In opting for negotiated mediation and a new constitutional compact, therefore, the African Union (or AU) aimed to foster a different kind of politics in Libya – admittedly one that has escaped many of the states endorsing that position. As articulated by Jean Ping, the Secretary General of the AU, the Libyan crisis offered an opportunity “to enhance a self-nourishing relationship between authority, accountability and responsibility” in order to “reconstitute African politics from being a zero sum to a positive sum game” toward one “characterized by reciprocal behavior and legitimate relations between the governors and the governed.” Mr. Ping added two other dimensions to his vision. The first is an acknowledgement that events in Libya point to the fact that all Africans “yearn for liberty and equality’ and this yearning is “something more consequential than big and strong men.” The second is that Africa’s destiny should be shaped by Africans themselves based on an actualized “sense of common identity based, not on the narrow lenses of state, race or religion, but constructed on Africa’s belief in democracy, good governance and unity as the most viable option to mediate, reconcile and accommodate our individual and collective interests.”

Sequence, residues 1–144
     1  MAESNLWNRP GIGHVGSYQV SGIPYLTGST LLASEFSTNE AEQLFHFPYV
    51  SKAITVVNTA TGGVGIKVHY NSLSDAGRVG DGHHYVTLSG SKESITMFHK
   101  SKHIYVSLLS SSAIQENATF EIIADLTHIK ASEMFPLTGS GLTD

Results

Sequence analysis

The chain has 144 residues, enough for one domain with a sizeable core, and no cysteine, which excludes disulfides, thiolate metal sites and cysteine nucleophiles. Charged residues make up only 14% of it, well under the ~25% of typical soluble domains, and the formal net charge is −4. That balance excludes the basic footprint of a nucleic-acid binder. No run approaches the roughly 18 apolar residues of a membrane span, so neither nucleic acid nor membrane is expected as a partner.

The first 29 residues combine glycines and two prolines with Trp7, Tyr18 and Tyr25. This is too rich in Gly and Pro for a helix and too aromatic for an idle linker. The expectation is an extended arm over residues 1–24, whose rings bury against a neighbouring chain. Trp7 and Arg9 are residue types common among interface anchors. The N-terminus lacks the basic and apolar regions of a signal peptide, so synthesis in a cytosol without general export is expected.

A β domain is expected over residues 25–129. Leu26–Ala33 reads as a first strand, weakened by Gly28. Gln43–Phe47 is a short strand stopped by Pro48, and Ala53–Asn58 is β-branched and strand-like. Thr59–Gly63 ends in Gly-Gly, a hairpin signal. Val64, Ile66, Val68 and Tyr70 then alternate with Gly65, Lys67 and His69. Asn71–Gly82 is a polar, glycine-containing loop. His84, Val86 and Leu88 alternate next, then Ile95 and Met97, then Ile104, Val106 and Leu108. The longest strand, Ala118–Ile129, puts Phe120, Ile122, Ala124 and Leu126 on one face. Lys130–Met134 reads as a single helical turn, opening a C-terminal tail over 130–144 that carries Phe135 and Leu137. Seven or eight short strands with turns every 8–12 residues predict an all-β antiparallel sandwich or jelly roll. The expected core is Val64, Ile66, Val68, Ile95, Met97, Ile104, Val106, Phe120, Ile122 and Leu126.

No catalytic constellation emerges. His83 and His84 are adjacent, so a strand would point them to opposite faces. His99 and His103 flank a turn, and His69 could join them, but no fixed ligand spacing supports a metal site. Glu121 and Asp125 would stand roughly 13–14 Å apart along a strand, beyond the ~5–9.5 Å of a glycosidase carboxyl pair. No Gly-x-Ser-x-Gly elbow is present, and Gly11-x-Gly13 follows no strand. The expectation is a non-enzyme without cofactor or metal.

Coming from a politician, these words may read like slogans. But the uniform refusal of the AU to endorse Western intervention tells another story. Continue reading

Looking Beyond Spring for the Season: The West, The African Union, and International Community

This is the third part in a series of five posts from Siba Grovogui, Professor of International Relations and Political Theory at John Hopkins University. The first part is here; the second here. The series considers the character and dimensions of the tension between the African Union and ‘the West’ over interventions in Africa. As before, responsibility for visuals adheres solely to Pablo K.